The discrepancy in achievement among different groups of students—known as the opportunity gap—is the predominant issue of our time. Most children (nearly 80,000) in the Road Map Project region are Non-White, and most of them are poor. The racial and ethnic disparities in student achievement can be seen in Road Map Project results reports. The gaps our students experience start early. In 3rd grade, the students who are not successfully reading are disproportionally children of color, as illustrated by this graph.
Homelessness among students in the Road Map Project region continues to rise. In the 2012-13 school year, 3,156 students were identified as homeless. Some student subgroups are being hit harder than others by homelessness. Black and American Indian/Alaskan Native students are homeless at a rate six times that of Asian and White students.
Homelessness Among Road Map Region Students
SOURCE: OSPI student-level database
Earlier this summer, the Brookings Institution released a report about the “Hidden STEM Economy” in America. (Click here to see the report’s web page.) The analysis found that 26 million U.S. jobs—20 percent of all jobs—require a high level of knowledge in any one STEM field, as of 2011. STEM jobs have doubled as a share of all jobs since the Industrial Revolution, from less than 10 percent in 1850 to 20 percent in 2010, according to the reserach.
The report also examined the STEM economy in metropolitan areas, including Seattle-Tacoma-Bellevue. Here is that profile (click to enlarge):
(of 5,165 eligible students in the Road Map Project region, as of July 8)
This is the current number of eligible students in the Road Map Project region who have signed up for the College Bound Scholarship. The scholarship program promises tuition (at public tuition rates) and a small book allowance for income-eligible students who sign up in the 7th or 8th grade, work hard in school, stay out of legal trouble and successfully enroll in a participating higher-education institution when they graduate. This is an amazing opportunity and a game-changer for the region!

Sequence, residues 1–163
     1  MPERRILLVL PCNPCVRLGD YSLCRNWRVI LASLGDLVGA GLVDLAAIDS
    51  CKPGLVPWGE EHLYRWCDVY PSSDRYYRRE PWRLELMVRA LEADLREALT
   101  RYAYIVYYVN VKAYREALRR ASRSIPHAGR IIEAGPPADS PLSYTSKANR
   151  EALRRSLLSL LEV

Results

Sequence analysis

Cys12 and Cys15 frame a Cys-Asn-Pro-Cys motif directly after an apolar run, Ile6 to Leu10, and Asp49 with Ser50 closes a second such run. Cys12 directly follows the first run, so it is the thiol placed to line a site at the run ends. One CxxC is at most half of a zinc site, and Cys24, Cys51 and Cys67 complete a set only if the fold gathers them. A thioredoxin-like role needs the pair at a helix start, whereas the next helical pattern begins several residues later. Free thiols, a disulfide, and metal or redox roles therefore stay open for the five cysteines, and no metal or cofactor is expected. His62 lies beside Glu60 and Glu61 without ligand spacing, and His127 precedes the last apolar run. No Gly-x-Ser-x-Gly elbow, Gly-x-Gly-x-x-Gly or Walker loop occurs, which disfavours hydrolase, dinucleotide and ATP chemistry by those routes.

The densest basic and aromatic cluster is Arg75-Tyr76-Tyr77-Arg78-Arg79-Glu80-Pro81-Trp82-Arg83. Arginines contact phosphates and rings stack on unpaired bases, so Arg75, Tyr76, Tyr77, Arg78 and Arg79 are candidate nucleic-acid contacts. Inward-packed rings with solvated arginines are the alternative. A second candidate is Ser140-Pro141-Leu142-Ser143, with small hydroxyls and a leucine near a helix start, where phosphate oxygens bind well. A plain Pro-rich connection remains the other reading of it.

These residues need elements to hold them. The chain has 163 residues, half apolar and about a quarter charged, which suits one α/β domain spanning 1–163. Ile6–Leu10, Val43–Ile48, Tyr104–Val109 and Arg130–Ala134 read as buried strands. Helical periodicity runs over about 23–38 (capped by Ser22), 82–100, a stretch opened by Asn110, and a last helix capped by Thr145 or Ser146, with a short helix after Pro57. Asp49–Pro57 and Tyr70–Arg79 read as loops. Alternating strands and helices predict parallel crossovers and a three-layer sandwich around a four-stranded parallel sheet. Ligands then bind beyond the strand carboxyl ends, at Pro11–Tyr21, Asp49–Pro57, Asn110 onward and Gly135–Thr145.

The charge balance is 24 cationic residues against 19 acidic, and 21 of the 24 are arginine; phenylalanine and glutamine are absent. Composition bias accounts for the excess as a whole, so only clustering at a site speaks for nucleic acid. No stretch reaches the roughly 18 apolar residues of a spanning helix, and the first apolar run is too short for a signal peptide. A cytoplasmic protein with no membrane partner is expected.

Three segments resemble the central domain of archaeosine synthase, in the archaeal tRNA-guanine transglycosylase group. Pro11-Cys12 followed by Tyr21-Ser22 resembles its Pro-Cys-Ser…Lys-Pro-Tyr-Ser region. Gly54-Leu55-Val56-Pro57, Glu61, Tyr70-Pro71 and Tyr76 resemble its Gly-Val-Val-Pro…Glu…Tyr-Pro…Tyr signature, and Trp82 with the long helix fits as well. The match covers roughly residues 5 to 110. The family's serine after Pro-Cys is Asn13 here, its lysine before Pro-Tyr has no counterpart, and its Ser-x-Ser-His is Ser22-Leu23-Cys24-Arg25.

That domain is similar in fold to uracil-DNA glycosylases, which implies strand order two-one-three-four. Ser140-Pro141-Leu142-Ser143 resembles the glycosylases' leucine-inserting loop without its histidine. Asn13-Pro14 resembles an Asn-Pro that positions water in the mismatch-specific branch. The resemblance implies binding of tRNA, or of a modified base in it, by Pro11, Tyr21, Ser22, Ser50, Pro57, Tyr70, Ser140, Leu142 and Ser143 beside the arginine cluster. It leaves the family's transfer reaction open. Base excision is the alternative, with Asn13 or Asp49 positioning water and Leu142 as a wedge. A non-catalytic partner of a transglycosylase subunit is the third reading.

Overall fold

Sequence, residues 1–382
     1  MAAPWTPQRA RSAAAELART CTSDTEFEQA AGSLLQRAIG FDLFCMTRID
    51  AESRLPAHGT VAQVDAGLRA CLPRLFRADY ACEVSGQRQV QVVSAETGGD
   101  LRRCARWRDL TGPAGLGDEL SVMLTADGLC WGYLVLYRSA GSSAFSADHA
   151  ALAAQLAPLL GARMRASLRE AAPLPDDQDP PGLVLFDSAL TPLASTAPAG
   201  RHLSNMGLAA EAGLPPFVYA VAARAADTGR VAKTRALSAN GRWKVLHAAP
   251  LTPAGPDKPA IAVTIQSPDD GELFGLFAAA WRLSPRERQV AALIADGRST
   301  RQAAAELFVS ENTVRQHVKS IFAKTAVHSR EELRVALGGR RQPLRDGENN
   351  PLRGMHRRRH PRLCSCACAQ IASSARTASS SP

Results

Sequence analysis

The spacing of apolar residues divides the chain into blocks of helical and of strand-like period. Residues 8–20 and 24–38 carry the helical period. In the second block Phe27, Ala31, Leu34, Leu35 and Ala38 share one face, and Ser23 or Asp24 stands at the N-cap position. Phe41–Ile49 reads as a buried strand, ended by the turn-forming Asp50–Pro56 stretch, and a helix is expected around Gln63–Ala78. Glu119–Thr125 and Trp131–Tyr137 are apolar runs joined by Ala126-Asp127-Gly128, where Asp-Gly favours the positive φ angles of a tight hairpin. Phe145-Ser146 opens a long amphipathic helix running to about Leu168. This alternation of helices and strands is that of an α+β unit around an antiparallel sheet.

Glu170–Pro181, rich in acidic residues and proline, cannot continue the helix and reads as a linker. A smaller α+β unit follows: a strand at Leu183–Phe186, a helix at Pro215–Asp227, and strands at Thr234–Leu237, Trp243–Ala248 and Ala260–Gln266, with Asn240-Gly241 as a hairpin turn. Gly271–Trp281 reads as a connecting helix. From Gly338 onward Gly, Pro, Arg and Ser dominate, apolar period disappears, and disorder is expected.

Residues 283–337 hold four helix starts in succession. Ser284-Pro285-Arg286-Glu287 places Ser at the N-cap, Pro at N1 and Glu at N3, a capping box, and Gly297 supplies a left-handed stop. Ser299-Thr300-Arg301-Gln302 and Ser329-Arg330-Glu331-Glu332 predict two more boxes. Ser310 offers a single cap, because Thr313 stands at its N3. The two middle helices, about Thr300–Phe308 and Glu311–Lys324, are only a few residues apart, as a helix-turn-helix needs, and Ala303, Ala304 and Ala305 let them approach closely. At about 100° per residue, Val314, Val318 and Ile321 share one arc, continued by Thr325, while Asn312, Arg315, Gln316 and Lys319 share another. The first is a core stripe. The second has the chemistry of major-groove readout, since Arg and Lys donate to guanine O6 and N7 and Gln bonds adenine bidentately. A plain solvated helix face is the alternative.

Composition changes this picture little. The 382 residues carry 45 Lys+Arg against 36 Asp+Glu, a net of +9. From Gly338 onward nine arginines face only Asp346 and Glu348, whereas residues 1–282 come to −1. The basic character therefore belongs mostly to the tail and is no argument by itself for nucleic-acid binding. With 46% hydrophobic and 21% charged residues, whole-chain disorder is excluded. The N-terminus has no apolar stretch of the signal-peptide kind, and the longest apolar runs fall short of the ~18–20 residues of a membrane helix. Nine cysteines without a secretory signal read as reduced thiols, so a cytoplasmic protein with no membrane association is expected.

The Road Map Project is tracking the region’s sign-up progress, as well as individual districts’ rates. Please visit our College Bound Scholarship page to see more data.
The Washington Kindergarten Inventory of Developing Skills (WaKIDS) is a statewide kindergarten readiness whole-child assessment that aims to help teachers better understand the needs and strengths of incoming kindergarten students, and to make the transition to kindergarten smooth for the students and families.
The graph below shows the percentage of students demonstrating the expected characteristics of entering kindergarteners across six domains: social emotional, physical, literacy, cognitive, language and math. We also looked at the percent of kindergarteners who met all six of these domains. Teachers use Teaching Strategies Gold, an observational assessment tool, to determine whether students are meeting age-level expectations for the domains.
In the 2011-12 school year, 52 elementary schools in the Road Map Project region participated in WaKIDS. All schools with state-funded, full-day kindergarten are participating in the 2012-13 school year. Full participation is expected in the 2014-15 school year. Schools participating in WaKIDS gain access to data and, as training continues, teachers and principals will be able to use data to drive personalized improvement for kids.